You can use store-bought chili garlic sauce, like the one from Lee Kum Kee. It's just that my husband grew habanero and Thai chiles during the summer and we got a whole box full this year. I always make batches of chili garlic sauce. It's called tướng ớt (click on link for the recipe), literally spicy dipping sauce in Vietnamese; it's ultra easy.

To guarantee good absorption of the hoisin sauce by the tofu, make sure you don't add too much oil to the mixture. After deep-drying all the tofu slices, just discard the oil.

Mushroom seasoning salt brings a very distinct, earthy flavor to the veggies. If you don't have any, you can always substitute with regular salt. You can get mushroom seasoning salt at any gourmet specialty store or in most Korean stores. I get mine at the Marina -10122 Bandley Drive -Cupertino, CA 95014.

I use Thai basil which has a more potent, earthy fragrance.

The addition of the sesame oil at the end is optional but brings a nice fragrance to the dish.

Fresh Wood Ear Mushrooms
Fresh Wood Ear Mushrooms.

You can find wood ear mushrooms in most Asian stores. I was pleased to find that my local Asian market now carries fresh wood ear mushrooms (I usually use the dried version). They're grown locally in Half Moon Bay (CA) and they're sold in 6-ounce packages. They're flavorless but they give an interesting, chewy texture to the dish.

dried fried shallots

I buy dried fried shallots at the Asian store. They're crunchy and very strong in flavor. You can also make your own by frying thinly sliced shallots if you like.

You can find all the ingredients listed in most Asian stores.

Published By: Jacqueline Pham on January 26, 2010.


[-] Braised Tofu with Hoisin Sauce - Guest-DailyChef
Ooh, great tofu recipe! Your pictures look like something I'd expect at a very nice Chinese restaurant. Hoisin sauce is one of my favorites, and I love all the different kinds of mushrooms!

Vegetarian food doesn't have to be bland - well done :)

DailyChef Website Link
[ Posted at 12:17 AM on 1/27/10 | Reply ]
I usually just have my Tofu cold with soy, sesame, sambal dipping sauce but I do also like Mabou Tofu.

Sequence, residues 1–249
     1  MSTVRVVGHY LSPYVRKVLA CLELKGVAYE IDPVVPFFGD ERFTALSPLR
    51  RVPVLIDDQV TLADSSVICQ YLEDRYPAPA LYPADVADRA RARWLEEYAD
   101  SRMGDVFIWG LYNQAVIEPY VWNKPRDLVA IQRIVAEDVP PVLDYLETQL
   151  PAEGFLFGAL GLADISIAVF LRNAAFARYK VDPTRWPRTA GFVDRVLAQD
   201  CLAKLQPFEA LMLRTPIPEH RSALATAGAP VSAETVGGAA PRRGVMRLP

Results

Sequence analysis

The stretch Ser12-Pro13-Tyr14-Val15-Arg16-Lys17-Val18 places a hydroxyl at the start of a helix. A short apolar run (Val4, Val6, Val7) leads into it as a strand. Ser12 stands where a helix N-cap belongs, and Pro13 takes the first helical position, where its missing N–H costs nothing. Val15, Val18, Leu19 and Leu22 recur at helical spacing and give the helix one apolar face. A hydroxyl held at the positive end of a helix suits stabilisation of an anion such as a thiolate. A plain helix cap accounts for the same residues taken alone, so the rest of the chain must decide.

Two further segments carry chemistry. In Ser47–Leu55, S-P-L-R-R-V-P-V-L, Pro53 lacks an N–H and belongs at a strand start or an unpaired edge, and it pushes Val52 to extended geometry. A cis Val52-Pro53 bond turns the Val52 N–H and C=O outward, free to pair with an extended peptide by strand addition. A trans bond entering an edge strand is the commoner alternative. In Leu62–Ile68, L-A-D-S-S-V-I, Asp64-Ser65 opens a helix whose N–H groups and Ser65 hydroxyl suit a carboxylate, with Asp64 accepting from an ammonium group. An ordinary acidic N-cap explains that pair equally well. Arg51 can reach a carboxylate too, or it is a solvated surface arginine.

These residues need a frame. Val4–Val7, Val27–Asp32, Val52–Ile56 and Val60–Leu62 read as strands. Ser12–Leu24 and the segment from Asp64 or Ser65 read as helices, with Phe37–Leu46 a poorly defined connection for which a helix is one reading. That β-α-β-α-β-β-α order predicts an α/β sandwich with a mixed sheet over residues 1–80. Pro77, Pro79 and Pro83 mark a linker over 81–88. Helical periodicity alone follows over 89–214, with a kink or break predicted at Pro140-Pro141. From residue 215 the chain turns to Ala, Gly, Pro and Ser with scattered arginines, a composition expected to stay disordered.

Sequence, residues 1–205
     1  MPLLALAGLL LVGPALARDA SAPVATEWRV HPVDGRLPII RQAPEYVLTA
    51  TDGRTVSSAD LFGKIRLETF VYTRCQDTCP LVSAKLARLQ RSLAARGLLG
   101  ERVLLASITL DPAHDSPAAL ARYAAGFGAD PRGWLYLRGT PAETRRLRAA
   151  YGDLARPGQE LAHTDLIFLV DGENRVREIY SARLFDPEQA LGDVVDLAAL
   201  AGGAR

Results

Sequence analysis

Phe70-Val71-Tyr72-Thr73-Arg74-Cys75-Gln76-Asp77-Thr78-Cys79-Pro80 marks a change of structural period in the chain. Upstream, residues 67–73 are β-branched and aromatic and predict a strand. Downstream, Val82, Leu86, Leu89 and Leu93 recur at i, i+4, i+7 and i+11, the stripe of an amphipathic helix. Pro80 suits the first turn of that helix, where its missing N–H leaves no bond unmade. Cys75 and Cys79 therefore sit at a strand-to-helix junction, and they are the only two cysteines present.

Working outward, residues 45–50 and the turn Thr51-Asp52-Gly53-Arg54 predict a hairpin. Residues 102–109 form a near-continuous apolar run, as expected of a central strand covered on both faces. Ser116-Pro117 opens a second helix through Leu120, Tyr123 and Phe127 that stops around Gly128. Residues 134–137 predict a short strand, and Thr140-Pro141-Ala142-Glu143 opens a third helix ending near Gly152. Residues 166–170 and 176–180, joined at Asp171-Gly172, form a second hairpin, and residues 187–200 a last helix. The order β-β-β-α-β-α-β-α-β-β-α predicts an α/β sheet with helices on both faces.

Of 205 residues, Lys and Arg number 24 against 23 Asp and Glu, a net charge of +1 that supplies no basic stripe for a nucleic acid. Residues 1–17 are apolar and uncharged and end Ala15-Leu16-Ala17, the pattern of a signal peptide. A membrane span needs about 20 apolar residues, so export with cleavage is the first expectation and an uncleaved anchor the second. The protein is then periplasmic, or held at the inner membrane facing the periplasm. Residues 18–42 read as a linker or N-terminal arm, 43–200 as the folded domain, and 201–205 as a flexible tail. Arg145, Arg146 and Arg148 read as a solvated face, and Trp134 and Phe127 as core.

I would like to try makingn this. I hope I can source all the ingredients.

Ed Schenk Website Link
[ Posted at 7:15 AM on 1/27/10 | Reply ]
I'll try your cold tofu version this summer. Do you use silken tofu?
[ Posted at 12:39 PM on 1/27/10 | Reply ]
[-] Tofu - Guest-BxlSproutKatharine
If I were eating tofu that way, I'd use silken tofu. My local grocer sells regular firm tofu so I often make:

BxlSprout_Katharine Website Link
[ Posted at 5:09 AM on 9/1/10 | Reply ]
I really like this Tofu recipe. Thanks for sharing this one.
[ Posted at 2:51 PM on 12/9/10 | Reply ]
[-] Almost perfect - Guest-LarryB
I have one cavil to this otherwise excellent recipe (thanks, Jaqueline!). Why, oh why, does everyone want to put the garlic in first and "brown" it? That is burnt garlic, baby. Ditto, the ginger. So, I would invert the order of step 3. Something like: "When the mushrooms are done, add the garlic and ginger and cook just until fragrant (about 30 seconds)."
[ Posted at 7:40 AM on 1/21/11 | Reply ]
[-] Garlic - Jackie
Hi Larry!

If you add the garlic and ginger after cooking the mushrooms, the mushrooms will release some cooking liquid and the garlic and ginger won't brown at all. The goal is to cook the garlic first until it's slightly golden and fragrant. The mushrooms cook very quickly, so I don't think the garlic will have a burnt taste. All in all, cooking is about preference as much as technique and if you're worried about the garlic burning; definitely swap the order.
[ Posted at 10:33 AM on 1/21/11 | Reply ]
Hi, Jackie,

I get it now. I'm clearly cooking my mushrooms hotter than you are. I like to really sear them so they brown a bit while cooking. This also gets rid of any liquid they release; however, the garlic would be a goner if it went in first. As you say, preferences count.

Again, thank you for a great recipe!
[ Posted at 8:58 AM on 1/23/11 | Reply ]
Hi, may i know why the ingredients are cooked individually? In normal chinese braised style tofu all the ingredients and the tofu are simmered together like in a wok/claypot. Is this to prevent overcooking the veg? Other than that, recipe sounds good.
[ Posted at 7:37 AM on 9/21/11 | Reply ]